I always knew he was going to do something special.
As a toddler, he was fascinated by the world and everything in it. He carried on startlingly adult conversations before he was old enough for kindergarten. He was always the smartest one in school, sometimes getting in trouble for surreptitiously reading library books during classes that had nothing new to teach him.
He threw a perfect game against Little League All Stars. At age 11, competing against older kids on the floor of the old Boston Garden during half-time at a Celtics game, he won the NBA’s New England regional basketball shootout. He helped organize a road race in honor of a high-school friend killed in a car crash.
He went to Cornell, where he hoped to study astronomy under Carl Sagan. He abandoned astronomy for biology and anthropology, then earned his Phd. at the University of Michigan, where he honed his research skills in the hominid evolution.
Now he is a professor at Boston University, where his students, making their feelings known on the “Rate My Professor” website, give him high marks for helpfulness and clarity, complain about how tough he is on them, and rate him a chilli pepper — the highest rating for “hottness.”
Today, Professor Jeremy DeSilva is a rising star in the field of early human evolution, traveling to Africa for field work and specializing in the locomotion of our ancient ancestors and relatives. His research as part of a team studying a stunning group of South African fossils is revolutionizing our understanding of who they were, how they lived, and how modern humans came to be.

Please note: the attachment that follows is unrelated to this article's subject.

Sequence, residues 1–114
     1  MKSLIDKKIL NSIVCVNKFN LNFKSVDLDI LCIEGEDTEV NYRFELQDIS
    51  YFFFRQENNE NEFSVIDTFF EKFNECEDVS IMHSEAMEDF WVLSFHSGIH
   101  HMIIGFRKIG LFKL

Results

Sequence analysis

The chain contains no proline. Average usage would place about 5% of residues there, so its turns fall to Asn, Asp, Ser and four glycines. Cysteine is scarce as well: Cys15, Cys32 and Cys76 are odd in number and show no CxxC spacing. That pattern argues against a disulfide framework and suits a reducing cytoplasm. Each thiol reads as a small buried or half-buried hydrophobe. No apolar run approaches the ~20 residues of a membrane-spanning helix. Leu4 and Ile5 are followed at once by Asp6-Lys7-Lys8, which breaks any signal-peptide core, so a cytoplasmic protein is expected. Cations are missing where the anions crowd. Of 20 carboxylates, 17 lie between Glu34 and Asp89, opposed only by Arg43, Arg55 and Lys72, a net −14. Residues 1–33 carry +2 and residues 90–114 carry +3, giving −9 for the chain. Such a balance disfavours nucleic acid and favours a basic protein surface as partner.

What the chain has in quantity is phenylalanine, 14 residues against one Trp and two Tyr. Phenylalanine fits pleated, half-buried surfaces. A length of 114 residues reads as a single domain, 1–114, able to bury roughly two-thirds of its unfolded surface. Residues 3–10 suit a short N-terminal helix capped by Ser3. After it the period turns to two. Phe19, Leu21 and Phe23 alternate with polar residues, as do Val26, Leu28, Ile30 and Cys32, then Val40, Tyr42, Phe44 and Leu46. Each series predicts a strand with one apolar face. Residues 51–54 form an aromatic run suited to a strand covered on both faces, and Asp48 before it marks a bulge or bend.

You can read an accessible account about his research in this recent Boston Globe article.
You can hear him talk about his most recent discoveries in this Science Magazine podcast.
And you can learn more about these discoveries in this Duke University podcast, Jeremy’s part in it starting three minutes in.
His older brother and sister are amazing, too. Richard, an investment expert, is one of the most caring people I know. He runs in the Boston Marathon, including this year’s tragic race, to raise money for cancer research. Melanie, a passionate advocate for the underprivileged and for women’s issues, manages marketing and recruitment for the University Without Walls at the University of Massachusetts, a program that brings adult dropouts back to college to finish their degrees.
And the three of them are teaching me what it means to be a great parent.